Safe Summer program returns

The Safe Summer program offers solutions for college students who are leaving for the summer and may have a pet they cannot take with them. In past years, many pets were abandoned in empty apartments, or released to the street. Safe Summer was created by the Shelter Medicine Club of The Ohio State University College of Veterinary Medicine and is run by students and volunteers. The service will be available from May 26 through June 19, 2009 with the goal of finding a safe home for any pets left behind.

After initial communication with the student is established, a Safe Summer volunteer will discuss options for the pet, which may include surrendering it to program partner Capital Area Humane Society. If the animal is healthy and adoptable, it will be spayed and neutered and put up for adoption. Club members will discuss all options with the students before a decision needs to be made for the best care of the animal. Last spring, with the help of the veterinary school community, program members transported several animals to Capital Area Humane Society and answered countless questions on what to do with unwanted pets. In autumn 2008, they also distributed pamphlets with information on pet ownership and offered alternatives to pet ownership that still fulfill a student's desire to spend time with animals.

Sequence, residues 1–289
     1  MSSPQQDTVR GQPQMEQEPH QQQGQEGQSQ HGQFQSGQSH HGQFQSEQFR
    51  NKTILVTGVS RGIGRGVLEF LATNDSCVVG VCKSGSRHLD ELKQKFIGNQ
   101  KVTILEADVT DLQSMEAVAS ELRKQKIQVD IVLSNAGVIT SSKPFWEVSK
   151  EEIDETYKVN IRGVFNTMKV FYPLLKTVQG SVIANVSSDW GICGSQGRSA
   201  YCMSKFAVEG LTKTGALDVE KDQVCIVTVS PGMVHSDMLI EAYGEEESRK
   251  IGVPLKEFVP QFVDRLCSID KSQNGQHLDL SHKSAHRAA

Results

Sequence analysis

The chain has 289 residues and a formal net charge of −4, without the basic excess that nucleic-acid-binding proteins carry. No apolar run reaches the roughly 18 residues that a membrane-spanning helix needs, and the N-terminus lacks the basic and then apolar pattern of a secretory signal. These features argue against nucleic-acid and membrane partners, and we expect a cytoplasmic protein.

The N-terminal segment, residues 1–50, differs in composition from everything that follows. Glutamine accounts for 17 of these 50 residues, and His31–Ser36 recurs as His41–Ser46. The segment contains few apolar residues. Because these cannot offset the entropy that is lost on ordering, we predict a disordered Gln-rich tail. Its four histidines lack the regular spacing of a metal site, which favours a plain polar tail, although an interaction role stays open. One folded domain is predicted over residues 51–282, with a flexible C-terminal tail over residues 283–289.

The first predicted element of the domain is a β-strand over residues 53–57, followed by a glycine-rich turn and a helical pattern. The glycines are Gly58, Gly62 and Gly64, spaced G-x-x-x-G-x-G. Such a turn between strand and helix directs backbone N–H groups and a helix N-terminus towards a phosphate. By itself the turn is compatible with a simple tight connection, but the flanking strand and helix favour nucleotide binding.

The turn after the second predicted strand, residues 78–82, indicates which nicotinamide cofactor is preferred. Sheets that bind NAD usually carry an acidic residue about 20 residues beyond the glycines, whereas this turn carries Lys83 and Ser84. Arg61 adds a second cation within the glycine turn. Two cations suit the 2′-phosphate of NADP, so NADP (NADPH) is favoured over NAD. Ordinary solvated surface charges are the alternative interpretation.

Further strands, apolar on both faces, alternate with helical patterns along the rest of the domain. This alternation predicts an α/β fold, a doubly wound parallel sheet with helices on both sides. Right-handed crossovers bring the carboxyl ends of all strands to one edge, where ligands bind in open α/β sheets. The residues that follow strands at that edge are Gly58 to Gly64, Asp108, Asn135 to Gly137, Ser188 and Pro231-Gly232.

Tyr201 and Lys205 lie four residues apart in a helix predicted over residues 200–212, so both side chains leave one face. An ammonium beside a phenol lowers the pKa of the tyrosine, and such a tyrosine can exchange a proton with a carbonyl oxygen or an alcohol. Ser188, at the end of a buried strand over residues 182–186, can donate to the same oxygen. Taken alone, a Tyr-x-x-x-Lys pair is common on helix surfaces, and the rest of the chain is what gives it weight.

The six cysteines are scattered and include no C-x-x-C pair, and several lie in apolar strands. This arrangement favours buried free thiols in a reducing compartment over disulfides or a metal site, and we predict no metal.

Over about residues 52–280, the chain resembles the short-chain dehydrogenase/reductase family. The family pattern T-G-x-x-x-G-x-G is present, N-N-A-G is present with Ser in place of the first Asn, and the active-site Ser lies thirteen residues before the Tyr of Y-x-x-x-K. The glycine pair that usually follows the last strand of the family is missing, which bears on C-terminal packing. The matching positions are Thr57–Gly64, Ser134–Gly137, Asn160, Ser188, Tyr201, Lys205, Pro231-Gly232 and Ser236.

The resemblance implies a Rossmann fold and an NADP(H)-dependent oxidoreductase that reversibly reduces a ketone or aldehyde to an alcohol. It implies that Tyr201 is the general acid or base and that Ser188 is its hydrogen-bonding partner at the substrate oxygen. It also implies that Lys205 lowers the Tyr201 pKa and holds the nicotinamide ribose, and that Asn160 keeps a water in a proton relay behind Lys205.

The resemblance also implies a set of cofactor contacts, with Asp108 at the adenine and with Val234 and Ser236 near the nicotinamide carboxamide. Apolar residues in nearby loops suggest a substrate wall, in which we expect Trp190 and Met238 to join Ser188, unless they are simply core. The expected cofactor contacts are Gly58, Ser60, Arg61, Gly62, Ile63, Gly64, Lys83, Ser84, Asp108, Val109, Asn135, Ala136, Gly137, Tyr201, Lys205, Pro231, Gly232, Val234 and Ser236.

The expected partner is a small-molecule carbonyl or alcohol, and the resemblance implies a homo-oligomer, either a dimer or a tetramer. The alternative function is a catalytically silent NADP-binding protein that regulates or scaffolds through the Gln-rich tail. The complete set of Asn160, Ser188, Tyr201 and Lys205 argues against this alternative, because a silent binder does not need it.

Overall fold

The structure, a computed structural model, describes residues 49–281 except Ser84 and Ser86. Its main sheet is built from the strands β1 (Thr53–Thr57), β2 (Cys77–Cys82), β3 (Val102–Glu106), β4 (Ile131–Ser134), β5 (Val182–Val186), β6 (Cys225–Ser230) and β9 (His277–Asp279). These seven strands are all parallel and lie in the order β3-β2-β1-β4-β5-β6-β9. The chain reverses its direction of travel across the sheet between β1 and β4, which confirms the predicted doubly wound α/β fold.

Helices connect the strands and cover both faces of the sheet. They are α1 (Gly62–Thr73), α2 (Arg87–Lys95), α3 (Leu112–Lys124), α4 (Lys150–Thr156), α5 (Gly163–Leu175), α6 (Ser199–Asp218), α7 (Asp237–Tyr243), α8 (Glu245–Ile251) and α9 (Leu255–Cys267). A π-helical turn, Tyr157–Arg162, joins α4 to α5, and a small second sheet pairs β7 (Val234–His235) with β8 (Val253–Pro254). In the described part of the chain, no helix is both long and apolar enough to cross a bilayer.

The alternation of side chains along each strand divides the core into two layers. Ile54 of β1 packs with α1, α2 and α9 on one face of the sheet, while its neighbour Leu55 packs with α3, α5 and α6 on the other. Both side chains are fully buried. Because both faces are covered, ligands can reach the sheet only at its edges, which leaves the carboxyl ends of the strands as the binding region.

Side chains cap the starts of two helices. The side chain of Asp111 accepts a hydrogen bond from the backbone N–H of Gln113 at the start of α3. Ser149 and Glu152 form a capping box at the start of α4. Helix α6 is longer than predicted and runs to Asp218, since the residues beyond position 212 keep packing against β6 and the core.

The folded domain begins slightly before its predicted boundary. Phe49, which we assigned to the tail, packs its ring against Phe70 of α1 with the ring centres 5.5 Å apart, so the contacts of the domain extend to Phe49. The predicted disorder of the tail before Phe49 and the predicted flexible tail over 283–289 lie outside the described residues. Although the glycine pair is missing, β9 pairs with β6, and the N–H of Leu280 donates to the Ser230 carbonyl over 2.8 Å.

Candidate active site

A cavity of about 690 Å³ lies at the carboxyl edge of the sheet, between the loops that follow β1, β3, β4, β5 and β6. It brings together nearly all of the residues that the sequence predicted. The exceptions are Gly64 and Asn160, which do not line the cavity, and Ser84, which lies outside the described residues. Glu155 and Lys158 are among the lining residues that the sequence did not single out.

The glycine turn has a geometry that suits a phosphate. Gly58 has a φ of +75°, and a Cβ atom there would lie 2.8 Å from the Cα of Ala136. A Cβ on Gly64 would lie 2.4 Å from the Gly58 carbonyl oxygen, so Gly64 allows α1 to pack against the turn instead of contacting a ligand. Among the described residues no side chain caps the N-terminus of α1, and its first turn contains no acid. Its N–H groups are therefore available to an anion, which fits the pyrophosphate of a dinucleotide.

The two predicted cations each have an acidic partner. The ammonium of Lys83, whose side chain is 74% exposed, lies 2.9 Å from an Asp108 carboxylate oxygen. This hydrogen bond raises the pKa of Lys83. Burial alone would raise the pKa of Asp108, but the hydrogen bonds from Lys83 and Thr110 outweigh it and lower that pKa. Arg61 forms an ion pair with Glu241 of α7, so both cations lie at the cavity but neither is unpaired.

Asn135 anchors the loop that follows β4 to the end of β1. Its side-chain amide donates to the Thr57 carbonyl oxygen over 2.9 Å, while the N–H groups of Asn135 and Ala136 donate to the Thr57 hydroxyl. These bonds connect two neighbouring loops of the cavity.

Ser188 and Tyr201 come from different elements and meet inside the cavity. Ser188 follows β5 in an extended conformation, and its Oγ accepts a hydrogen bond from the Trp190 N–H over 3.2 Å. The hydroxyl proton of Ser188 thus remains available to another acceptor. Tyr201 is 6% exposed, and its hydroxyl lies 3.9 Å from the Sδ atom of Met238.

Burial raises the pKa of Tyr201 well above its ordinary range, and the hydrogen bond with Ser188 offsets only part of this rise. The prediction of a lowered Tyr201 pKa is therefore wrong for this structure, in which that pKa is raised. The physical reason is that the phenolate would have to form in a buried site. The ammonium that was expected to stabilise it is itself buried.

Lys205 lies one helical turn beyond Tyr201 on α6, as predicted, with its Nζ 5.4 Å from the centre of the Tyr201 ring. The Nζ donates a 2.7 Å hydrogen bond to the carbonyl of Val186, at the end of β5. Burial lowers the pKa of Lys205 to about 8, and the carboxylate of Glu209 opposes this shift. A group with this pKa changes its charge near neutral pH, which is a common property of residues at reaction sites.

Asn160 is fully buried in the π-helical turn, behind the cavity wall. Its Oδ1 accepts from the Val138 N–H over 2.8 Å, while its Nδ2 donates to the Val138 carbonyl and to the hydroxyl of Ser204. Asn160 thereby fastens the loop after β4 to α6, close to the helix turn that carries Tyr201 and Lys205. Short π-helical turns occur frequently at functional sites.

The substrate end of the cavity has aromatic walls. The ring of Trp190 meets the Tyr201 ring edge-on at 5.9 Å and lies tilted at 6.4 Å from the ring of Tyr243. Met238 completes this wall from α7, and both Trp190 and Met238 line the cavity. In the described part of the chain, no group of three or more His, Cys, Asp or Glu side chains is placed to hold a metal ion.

Interested students should e-mail the Shelter Medicine Club beginning on May 26. For more information, see www.vet.osu.edu/safesummer or e-mail Safe Summer at safesummer [at] osu [dot] edu.

Posted on May 26, 2009

*******

About the College of Veterinary Medicine at Ohio State

Founded in 1885, The Ohio State University College of Veterinary Medicine is ranked fifth in the nation and includes more than 1,000 faculty, staff and students in the Departments of Veterinary Biosciences, Veterinary Clinical Sciences, and Veterinary Preventive Medicine. The Veterinary Medical Center is one of the largest specialty referral centers in the world, with more than 35,000 farm, equine, and companion animal patients each year. A nationally-recognized ambulatory practice and teaching unit in Marysville, Ohio provides farm animal experience to every veterinary student, and the Food Animal Health Research Program in Wooster, OH focuses on detection, control, and prevention of disease. Located on the only campus in the country with a comprehensive medical center offering seven health sciences colleges, we admit up to 162 veterinary students per class, and offer a new comprehensive graduate program in Veterinary and Comparative Medicine as well as a unique Master’s degree in Veterinary Public Health, in partnership with the College of Public Health. http://vet.osu.edu.